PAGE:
Like many high school students, Mike Mpiana was deciding the next steps he would take. “It was my dad who helped me put together my goals, and I’m very grateful for that,” he said.
Mike moved to the Chicago area in 2018 from Toronto, Ontario and took some computer classes in high school. “They were challenging, but in time I was becoming more familiar, and I was really getting into them.”
While he believed computer science would be a good fit for him, he had a degree of uncertainty, so he started at Moraine Valley. “I did have some skills to work with computers, but I wanted to be sure that’s what I wanted to do. And I felt I shouldn’t go away to school right away. It was a matter of waiting so I wouldn’t have spent too much money, and I could find out if I’m really serious about computers,” he said.
Another step in the right direction was using TRIO Student Support Services at Moraine Valley. TRIO provides first-generation, low-income and disabled students the tools to stay in college, as well as personal development and academic support to help students graduate from Moraine Valley and transfer to a four-year institution to complete a bachelor’s degree.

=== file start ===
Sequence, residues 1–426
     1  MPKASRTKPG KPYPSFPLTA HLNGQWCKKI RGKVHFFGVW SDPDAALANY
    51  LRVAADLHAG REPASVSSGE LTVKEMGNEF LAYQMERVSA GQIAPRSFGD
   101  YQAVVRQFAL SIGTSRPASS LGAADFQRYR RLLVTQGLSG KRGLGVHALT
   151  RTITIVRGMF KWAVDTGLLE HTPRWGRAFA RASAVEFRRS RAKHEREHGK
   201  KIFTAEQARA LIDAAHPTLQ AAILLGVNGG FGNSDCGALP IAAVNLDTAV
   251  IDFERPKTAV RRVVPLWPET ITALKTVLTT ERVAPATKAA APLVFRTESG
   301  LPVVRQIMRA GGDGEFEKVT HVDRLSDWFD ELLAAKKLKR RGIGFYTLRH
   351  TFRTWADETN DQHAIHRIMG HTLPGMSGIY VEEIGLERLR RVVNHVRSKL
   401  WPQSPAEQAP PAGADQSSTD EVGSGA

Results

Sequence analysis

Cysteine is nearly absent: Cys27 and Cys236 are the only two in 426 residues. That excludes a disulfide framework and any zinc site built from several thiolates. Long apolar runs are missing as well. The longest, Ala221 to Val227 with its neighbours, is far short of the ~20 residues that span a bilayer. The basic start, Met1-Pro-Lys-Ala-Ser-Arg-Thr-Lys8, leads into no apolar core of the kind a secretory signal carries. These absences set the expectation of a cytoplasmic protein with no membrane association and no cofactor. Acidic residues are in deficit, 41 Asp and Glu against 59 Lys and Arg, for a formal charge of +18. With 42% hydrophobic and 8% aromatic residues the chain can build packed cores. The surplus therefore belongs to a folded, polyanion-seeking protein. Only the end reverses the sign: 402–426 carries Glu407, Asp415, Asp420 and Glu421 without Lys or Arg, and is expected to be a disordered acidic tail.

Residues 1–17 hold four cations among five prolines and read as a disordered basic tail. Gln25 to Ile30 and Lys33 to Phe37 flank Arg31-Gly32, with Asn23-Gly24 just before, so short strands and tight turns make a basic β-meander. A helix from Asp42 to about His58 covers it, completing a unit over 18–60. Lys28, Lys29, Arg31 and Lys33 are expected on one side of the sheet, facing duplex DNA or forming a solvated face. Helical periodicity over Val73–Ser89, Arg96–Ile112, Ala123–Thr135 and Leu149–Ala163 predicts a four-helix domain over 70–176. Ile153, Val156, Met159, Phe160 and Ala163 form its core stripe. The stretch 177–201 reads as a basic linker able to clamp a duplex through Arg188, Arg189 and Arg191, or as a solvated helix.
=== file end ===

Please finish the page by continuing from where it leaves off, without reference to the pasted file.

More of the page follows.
“I think being involved at school helped me a lot. I’ve learned so much being in TRIO, like how to choose the right classes, manage my time better, and how to stay focused and on track. I didn’t know Moraine Valley had programs like that,” said Mike, who upon graduation from Moraine Valley plans to transfer to the University of Illinois at Urbana-Champaign.
“I really like the way the college is set up to encourage you and push you in a positive way to do better, he said. “Being involved with TRIO, I saw that the more time you spend at school and get involved, the more you take your classwork seriously.”